Meet Sara Cunningham: The Mom Who Stands In for LGBTQ Brides and Grooms Whose Actual Mothers Won’t

Sara Cunningham Hugs Free BeLatina
Photo Credit @saraphrased IG

Sara Cunningham had officiated many weddings of same-sex couples before deciding to publicly volunteer herself as a “stand-in mom” for individuals whose mothers would be sitting out of their weddings. The 55-year-old mother of two from Oklahoma made what she thought was a modest announcement on Facebook last summer, but the post promptly went viral. “If you need a mom to attend your same sex wedding because your biological mom won’t, call me. I’m there. I’ll be your biggest fan. I’ll even bring the bubbles,” she wrote.

As a wedding officiant, she had witnessed these absences first hand; as a stand-in mother, she hoped to reassure the happy couple that they were loved. “I posted it out of frustration,” she recently told People in an interview. “So often I heard about parents who were not acknowledging these relationships or not attending the wedding.” As a stand-in mother, she’s already penciled in three weddings this year.

Cunningham shared with the magazine the mix of emotions she experienced at the first wedding she had attended as a surrogate, the November marriage of Tabatha Cash and Marlee Castillo. “It was bittersweet because I know [Tabatha] didn’t have a mom there. No matter how much she knew she was doing the right thing for herself, there’s still a part of her that’s missing, and that’s her mom.”

A Personal Journey to LGBTQ Advocacy

Volunteering as a stand-in mother wasn’t Cunningham’s first role as a loving, maternal advocate for the LGBTQ community… and she wasn’t always an advocate either. When her son came out to her as gay, she had been unable to fully and immediately embrace his truth. “My biggest regret is not celebrating [my son] and what was important to him, earlier — even during his high school years, and not being able to look past my own fears and my own ignorance to see him,” Cunningham told CNN last month.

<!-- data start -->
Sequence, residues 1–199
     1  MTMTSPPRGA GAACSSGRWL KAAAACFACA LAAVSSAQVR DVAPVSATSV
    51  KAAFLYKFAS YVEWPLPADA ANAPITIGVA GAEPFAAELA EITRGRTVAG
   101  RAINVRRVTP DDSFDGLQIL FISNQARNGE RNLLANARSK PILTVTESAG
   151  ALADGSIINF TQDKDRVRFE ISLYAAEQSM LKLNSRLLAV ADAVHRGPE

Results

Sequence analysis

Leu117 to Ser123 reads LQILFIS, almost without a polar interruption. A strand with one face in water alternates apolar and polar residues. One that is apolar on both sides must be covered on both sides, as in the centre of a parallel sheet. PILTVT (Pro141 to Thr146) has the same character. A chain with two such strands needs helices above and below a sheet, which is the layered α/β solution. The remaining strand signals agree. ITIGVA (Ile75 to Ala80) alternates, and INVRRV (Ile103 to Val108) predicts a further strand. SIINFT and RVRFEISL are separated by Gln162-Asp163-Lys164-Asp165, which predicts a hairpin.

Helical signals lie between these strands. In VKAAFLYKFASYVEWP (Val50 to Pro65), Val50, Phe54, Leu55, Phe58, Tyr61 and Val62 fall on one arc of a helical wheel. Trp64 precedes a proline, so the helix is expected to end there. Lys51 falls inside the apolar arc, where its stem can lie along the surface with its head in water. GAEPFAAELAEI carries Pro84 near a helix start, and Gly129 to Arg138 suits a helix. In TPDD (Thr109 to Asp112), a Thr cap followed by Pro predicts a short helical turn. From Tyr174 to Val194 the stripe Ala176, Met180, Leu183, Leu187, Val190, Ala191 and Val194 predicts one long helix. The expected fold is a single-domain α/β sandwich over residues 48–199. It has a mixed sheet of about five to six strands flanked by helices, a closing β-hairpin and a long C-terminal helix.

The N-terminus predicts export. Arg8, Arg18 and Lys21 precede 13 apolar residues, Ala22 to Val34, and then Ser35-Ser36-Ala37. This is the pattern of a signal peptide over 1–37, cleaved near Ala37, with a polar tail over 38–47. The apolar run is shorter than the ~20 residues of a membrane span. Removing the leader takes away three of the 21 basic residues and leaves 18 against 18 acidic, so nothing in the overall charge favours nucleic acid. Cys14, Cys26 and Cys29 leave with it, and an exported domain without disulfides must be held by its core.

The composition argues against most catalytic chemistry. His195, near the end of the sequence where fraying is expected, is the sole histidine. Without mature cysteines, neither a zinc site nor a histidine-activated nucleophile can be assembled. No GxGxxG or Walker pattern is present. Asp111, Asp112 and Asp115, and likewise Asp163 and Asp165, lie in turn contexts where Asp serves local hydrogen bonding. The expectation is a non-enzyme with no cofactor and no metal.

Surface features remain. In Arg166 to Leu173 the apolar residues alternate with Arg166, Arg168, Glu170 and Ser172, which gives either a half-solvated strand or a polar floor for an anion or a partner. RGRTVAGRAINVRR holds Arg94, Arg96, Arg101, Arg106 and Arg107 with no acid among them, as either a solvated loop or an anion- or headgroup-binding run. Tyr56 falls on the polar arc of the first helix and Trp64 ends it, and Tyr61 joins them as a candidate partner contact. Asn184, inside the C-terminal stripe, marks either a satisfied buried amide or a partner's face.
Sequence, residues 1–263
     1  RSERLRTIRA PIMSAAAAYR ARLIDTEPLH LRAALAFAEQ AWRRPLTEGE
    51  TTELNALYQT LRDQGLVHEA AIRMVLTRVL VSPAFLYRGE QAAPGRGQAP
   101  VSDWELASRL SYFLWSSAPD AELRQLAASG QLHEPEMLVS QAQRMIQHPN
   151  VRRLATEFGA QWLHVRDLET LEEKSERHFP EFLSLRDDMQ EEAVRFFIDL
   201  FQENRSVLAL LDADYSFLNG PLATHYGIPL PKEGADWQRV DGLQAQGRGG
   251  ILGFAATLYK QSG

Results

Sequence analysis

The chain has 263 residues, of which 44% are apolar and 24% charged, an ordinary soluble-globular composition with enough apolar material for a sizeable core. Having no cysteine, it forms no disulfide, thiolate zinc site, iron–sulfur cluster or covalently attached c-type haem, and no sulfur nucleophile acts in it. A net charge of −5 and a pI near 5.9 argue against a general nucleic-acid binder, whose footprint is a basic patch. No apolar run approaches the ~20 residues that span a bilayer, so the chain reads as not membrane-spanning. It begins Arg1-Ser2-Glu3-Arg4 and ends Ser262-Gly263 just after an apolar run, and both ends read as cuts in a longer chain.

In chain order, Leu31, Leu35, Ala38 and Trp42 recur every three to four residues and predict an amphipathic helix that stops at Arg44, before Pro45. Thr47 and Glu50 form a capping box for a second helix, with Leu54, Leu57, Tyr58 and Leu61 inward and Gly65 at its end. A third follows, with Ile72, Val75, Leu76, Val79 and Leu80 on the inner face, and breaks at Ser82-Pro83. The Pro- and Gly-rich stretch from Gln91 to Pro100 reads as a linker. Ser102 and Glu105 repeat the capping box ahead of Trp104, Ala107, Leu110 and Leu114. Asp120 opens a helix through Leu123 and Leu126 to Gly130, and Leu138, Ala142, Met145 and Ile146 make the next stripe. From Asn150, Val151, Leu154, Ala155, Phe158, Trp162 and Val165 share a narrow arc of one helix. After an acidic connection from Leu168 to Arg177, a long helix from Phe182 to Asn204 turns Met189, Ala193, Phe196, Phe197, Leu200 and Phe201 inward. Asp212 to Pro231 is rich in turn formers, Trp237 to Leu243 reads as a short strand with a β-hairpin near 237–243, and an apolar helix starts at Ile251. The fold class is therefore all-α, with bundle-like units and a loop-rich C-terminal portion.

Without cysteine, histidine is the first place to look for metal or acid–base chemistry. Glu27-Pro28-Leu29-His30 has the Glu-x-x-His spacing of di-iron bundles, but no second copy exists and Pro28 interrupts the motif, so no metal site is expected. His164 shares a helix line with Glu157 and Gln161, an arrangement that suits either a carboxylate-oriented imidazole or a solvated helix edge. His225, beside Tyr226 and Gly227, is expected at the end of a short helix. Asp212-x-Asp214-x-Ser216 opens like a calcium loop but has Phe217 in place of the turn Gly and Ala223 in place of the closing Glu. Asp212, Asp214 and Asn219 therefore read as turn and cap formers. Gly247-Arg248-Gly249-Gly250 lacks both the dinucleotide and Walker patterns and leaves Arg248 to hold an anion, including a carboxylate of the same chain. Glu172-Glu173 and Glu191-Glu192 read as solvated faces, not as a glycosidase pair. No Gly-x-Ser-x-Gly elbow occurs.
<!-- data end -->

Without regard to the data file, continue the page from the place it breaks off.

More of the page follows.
This regret inspired her to disrupt other parents’ experiences with their LGBTQ children in order to foster positivity and unconditional love in what can be a difficult time for everyone involved. Cunningham founded her organization Free Mom Hugs several years ago as a LGBTQ parent resource to support family members who are struggling with acceptance so that no child will have to face the trauma of rejection on behalf of their identity. (The name of her organization comes from the fact that she’s literally advertised free mom hugs at pride parades.)

Cunningham emphasized that the very least one can do is show up for loved ones — especially when they need it most. “And when I say showing up, I mean we as parents, as friends or allies,” she said. “I’m not the first mom to offer free mom hugs or attend weddings as a stand-in. But when we show up for any group that’s marginalized, that’s how we can make sure they really know they are loved and celebrated.”

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